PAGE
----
“In times of disaster, we would of course accept assistance from other countries in the same way that we provide assistance to other countries,” he said.

The Israeli Embassy, however, said Tuesday that Israel had offered to help but Turkish officials had refused the offer, saying the “situation is under control.” It said the offer still stands.

Mayors posted videos pleading for aerial firefighting responses to local wildfires while celebrities joined a social media campaign requesting foreign help to combat the blazes. The campaign drew an angry response from a top Erdogan aide, Fahrettin Altun, who said “Our Turkey is strong. Our state is standing strong.”

Erdogan himself was accused of insensitivity after he threw bags of tea at residents from a bus during a weekend visit to the fire-hit Antalya region.

Planes sent from Spain and Croatia joined aircraft from Russia, Iran, Ukraine and Azerbaijan on Tuesday. A total of 16 planes, 51 helicopters and more than 5,000 personnel were tackling the fires. Four helicopters would be arriving from Ukraine on Wednesday, Cavusoglu said.

On Tuesday, officials evacuated residents from dozens of holiday homes as blazes advanced toward the Turkevleri region, near the town of Milas, in Mugla province. Milas’ mayor, Muhammet Tokat told Halk TV that the blaze was approaching a thermal power plant but also said that authorities there had taken precautions.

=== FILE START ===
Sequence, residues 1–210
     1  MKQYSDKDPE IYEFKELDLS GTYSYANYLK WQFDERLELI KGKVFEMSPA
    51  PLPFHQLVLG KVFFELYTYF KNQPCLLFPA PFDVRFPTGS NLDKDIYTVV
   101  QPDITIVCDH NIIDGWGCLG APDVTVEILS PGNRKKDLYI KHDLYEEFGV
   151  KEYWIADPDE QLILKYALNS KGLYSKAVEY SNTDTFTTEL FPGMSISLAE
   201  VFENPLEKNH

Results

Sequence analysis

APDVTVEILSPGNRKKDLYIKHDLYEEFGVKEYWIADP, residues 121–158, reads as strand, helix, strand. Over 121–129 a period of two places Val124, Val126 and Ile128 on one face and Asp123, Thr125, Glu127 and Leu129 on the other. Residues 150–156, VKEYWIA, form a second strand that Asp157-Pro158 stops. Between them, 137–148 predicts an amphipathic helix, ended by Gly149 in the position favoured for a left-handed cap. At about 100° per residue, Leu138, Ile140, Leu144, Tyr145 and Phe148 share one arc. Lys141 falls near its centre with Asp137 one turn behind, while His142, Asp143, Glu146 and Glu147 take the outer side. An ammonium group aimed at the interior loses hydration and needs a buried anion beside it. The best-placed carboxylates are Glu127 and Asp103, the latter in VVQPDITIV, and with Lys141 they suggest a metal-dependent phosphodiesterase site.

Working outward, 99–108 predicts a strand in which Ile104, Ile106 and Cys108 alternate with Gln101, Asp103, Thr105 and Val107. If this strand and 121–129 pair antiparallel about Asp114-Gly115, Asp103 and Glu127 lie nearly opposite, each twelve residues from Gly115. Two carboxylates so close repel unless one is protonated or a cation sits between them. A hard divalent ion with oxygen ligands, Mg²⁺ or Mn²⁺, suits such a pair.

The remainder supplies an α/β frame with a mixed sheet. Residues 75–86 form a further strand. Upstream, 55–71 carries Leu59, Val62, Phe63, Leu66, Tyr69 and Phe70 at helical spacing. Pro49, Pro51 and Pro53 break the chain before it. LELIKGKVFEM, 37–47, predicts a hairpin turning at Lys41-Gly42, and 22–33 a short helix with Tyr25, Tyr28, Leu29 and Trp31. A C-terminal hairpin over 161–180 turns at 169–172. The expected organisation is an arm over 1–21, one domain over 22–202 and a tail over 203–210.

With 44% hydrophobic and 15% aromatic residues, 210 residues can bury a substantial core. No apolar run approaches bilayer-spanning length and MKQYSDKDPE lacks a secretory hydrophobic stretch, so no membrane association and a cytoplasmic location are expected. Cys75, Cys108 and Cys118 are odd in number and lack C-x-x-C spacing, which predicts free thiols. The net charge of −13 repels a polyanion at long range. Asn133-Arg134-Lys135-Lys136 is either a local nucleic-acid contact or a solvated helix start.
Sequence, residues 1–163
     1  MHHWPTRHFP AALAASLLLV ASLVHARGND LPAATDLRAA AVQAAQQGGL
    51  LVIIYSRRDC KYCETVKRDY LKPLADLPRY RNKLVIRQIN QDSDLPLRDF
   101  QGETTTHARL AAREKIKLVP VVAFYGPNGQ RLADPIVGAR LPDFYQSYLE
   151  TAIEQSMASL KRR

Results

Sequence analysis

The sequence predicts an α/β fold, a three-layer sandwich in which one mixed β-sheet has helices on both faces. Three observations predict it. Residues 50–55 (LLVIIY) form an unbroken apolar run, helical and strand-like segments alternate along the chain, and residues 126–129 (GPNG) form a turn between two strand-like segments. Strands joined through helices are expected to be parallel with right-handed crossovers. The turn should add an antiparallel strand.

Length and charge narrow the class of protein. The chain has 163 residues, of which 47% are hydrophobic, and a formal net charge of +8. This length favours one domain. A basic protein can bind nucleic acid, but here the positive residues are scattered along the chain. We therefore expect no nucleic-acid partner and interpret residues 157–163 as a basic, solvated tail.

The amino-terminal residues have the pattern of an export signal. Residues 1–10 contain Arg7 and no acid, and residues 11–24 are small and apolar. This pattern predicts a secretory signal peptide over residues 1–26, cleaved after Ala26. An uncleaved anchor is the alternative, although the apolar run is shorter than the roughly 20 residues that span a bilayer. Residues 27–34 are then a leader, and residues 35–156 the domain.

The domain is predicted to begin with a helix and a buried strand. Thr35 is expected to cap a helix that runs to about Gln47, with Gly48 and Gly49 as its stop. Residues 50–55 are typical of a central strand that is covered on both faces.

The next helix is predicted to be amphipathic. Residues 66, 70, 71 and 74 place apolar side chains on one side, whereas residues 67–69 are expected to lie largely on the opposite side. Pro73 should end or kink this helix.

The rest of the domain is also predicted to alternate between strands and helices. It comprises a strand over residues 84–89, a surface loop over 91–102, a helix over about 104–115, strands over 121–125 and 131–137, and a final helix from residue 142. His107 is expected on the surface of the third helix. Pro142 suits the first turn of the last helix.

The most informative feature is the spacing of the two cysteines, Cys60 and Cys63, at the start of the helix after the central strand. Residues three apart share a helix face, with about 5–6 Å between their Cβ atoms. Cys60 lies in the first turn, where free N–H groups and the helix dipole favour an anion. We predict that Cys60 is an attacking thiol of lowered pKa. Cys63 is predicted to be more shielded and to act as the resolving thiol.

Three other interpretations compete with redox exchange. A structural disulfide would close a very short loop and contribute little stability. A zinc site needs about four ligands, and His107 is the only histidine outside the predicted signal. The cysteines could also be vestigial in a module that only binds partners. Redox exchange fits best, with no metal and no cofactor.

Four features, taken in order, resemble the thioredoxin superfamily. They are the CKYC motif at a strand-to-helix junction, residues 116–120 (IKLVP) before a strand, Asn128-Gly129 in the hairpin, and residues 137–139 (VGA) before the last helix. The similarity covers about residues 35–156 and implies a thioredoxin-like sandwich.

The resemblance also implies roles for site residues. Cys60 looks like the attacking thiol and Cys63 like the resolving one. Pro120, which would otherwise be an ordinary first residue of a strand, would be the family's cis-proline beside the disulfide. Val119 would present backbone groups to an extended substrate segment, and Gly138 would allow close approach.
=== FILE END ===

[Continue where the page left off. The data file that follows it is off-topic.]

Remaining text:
Authorities have launched investigations into the cause of the fires, including possible sabotage by Kurdish militants. A 16-year-old was detained on Tuesday in connection to a blaze that started in Antalya’s Manavgat region on Wednesday, pro-government Sabah newspaper reported.

Experts, however, mostly point to climate change as the culprit, along with accidents caused by people.

A heat wave across southern Europe, fed by hot air from North Africa, has led to wildfires across the Mediterranean, including in Italy and Greece. Temperatures in Marmaris, in Mugla, reached an all-time high of 45.5 C (114 F) on Tuesday, Agriculture and Forestry Minister Bekir Pakdemirli said.

The Turkish meteorology authority warned that temperatures would rise between 4 and 8 degrees Celsius above seasonal norms around the country’s Aegean and Mediterranean coasts.

In Greece, thousands of people fled their homes north of Athens in cars and on motorcycles as a wildfire broke out of the forest and reached residential areas. The blaze sent a huge cloud of smoke over Athens and prompted multiple evacuations near Tatoi, 20 kilometers (12 1/2 miles) to the north.

In Italy, firefighters fought seven major blazes in Calabria, Sicily, Basilicata and Puglia, employing aircraft near Matera, in Basilicata and around three fires in Calabria.

The mayor of Altamura, near the southern Italian city of Bari, advised residents to keep windows closed after a fire broke out in a plastics factory warehouse. A helicopter was dispatched near the city of Pescara in Abruzzo to prevent a wildfire from reaching a gasoline depot, while industrial production sites were under threat in the region’s foothills.

Italian firefighters have battled more than 37,000 fires since June 15, an 76% increase over last year, when 62,623 hectares (nearly 155,000 acres) were destroyed, according to the Corriere della Sera newspaper.

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Fraser reported from Ankara, Turkey. Ayse Wieting in Istanbul and Colleen Barry in Rome contributed.

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Follow all AP stories on climate change issues at https://apnews.com/hub/climate.

Copyright 2021 The Associated Press. All rights reserved. This material may not be published, broadcast, rewritten or redistributed.